A blood transfusion is usually an immediate intervention in acute anemia situations, but it can be continued at regular intervals for long periods of time. Receiving donor blood will increase your blood's ability to carry oxygen. It is important to note that a blood transfusion is rarely needed for nutritional anemia.
During a transfusion, a needle is placed in one of your veins. A bag containing the blood product is hung on a pole nearby, and its contents are dripped slowly, intravenously (through the vein) into your bloodstream. Throughout the transfusion, your temperature, heart rate, breathing, and blood pressure are checked regularly, and you are questioned about pain, itching, or discomfort of any sort. This monitoring is most careful during the first 15 minutes of the transfusion, since most severe reactions occur early in a blood transfusion. Once the bag containing the blood product is empty, the needle in your arm is removed.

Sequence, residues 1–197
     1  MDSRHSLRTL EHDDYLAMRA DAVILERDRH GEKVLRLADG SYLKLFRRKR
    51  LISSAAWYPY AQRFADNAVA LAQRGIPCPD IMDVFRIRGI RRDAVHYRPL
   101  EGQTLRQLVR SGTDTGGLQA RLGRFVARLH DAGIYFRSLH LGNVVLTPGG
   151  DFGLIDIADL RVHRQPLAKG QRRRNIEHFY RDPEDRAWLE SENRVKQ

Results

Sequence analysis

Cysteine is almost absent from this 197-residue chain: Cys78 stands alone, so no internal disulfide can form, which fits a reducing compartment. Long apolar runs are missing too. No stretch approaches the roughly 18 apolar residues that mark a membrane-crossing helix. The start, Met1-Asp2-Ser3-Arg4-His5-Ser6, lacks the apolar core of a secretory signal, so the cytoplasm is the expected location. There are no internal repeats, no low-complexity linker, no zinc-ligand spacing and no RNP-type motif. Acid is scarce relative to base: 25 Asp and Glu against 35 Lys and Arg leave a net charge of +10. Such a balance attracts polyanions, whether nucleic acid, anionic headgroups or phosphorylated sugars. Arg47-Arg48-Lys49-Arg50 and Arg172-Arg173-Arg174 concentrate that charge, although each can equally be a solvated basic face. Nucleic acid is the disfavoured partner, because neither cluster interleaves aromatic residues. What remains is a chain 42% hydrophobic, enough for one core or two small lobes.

Conn's Current Therapy 2006. W.B. Saunders Co; 2006.
Harrison's Principles of Internal Medicine. 16th ed. McGraw-Hill; 2004.
Merck Manual of Medical Information (2nd Home Edition). Merck & Co; 2004.
Last reviewed September 2013 by Marcin Chwistek, MD
Please be aware that this information is provided to supplement the care provided by your physician. It is neither intended nor implied to be a substitute for professional medical advice. CALL YOUR HEALTHCARE PROVIDER IMMEDIATELY IF YOU THINK YOU MAY HAVE A MEDICAL EMERGENCY. Always seek the advice of your physician or other qualified health provider prior to starting any new treatment or with any questions you may have regarding a medical condition.
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